In Florida an environmental disaster threatens Tampa Bay
The potential overflow of more than 1 million m3 of wastewater from a former phosphate mine south of Tampa forced the governor of Florida to declare a state of emergency. Some 300 homes were evacuated. Faced with the threat of an environmental disaster, Republican Florida Governor Ron DeSantis declared a state of emergency in the Tampa area.
According to The Miami Herald, authorities feared flooding due to industrial retention ponds containing more than 1.5 million m3 of wastewater at the Piney Point site, south of Tampa Bay. An evacuation order has even been issued for 316 homes in Manatee County, West Florida.
According to The New York Times, a leak was reported in a 30-hectare pond near a former phosphate factory, but the situation has deteriorated in recent days. DeSantis said on Saturday that the sewage spill poses an immediate and substantial danger to human health, safety, welfare and the environment.
A sudden and uncontrolled rupture of the water reservoir could flood homes in the region and overturn piles of phosphogypsum (a waste from phosphate mining), which hold the basins, explains the New York daily.
A waste management risk
According to federal authorities, phosphogypsum also contains appreciable amounts of radioactive waste materials, such as uranium and radium. The current leak has a flow rate of 7,000 to 11,000 m3 per day. There were 1.8 million m3 of water in the pond, and recently there were 1.5 million m3 left.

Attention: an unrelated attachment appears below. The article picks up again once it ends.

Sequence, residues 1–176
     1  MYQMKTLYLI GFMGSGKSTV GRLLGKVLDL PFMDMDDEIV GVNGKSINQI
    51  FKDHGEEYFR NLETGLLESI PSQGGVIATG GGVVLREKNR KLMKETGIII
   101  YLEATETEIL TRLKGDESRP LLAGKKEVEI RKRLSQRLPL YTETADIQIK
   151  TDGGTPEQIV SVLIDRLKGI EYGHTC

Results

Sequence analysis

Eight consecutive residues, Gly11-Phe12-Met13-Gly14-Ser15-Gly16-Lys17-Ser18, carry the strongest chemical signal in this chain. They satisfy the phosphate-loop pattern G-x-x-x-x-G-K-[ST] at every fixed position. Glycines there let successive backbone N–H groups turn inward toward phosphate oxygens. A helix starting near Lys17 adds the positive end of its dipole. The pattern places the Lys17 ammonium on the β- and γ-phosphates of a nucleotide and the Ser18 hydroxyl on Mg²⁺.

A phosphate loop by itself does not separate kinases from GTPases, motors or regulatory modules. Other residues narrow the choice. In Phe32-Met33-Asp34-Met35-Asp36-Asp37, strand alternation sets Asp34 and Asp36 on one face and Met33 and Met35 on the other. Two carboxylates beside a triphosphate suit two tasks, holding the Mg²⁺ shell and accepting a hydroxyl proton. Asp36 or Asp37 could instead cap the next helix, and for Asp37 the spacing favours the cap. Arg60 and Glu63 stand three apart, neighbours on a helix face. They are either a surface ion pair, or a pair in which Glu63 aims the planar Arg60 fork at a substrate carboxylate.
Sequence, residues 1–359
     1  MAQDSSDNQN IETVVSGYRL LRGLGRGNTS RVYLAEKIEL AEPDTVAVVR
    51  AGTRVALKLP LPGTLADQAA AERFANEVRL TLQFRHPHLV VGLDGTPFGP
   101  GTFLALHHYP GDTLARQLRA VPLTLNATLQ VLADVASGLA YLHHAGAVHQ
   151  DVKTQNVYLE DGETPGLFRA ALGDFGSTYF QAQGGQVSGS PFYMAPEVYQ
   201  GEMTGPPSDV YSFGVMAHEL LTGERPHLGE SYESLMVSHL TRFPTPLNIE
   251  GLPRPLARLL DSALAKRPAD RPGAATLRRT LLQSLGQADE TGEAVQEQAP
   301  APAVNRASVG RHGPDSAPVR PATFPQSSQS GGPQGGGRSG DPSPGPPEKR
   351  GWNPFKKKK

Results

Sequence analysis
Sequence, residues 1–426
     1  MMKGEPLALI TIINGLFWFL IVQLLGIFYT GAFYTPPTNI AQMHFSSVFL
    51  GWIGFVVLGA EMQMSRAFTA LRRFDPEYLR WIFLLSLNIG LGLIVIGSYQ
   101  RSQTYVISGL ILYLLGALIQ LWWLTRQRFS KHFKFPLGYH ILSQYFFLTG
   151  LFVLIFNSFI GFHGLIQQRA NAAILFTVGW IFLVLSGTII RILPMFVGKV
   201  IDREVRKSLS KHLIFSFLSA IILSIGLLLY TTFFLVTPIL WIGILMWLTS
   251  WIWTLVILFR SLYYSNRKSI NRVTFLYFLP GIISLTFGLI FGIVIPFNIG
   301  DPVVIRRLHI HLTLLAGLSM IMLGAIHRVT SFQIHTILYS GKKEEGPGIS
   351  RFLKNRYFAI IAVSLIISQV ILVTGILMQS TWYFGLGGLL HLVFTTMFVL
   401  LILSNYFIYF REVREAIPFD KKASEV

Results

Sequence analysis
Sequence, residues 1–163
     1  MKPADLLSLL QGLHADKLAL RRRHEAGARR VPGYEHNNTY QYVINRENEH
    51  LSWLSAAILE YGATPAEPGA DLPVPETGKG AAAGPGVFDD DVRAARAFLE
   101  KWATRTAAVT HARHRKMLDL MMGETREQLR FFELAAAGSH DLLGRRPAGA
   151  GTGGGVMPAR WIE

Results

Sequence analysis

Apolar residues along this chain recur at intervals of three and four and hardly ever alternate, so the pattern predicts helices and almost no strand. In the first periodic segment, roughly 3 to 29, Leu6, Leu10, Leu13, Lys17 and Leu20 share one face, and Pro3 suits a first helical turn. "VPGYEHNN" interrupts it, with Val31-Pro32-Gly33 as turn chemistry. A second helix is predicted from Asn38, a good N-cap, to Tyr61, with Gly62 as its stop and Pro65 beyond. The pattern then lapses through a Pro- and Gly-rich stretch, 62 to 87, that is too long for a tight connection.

The water was pumped out and released into Tampa Bay to relieve pressure on the pond’s levees, The New York Times reports. This discharged water is seawater mixed with wastewater and runoff. The water meets marine water quality standards except for pH, phosphorus, total nitrogen, and ammonia nitrogen, Florida Environmental Protection Services said. It’s slightly acidic, but not at a level that should be of concern, nor toxic.
For The Miami Herald, an environmental disaster had been looming at Piney Point for decades. It all started in 1966 when Borden Chemical, a subsidiary of the Elsie the Cow agribusiness group, built a plant to process phosphate, a key ingredient in fertilizers. Since then, the site has housed an increasing amount of contaminated material which is now at risk of spilling into Tampa Bay, the local daily adds. The phosphate processing plant ceased operations in 2001, but according to The Miami Herald, the large retention ponds on the site collected millions of cubic meters of rainwater, which exacerbated the problem.
Better junk disposal
Dumpster rentals would not be able to solve this crisis given the amount of waste. Nevertheless they are potentially useful in alleviating excess waste creation in Florida, according to local junk disposal experts (click here for more detail).
There are numerous companies providing junk disposal services in Florida and residents should start using them more to lower the pollution level in the state. It is a matter of public awareness, and the government should do a better job at spreading the news! This will also help preserve the value of the local real estate market.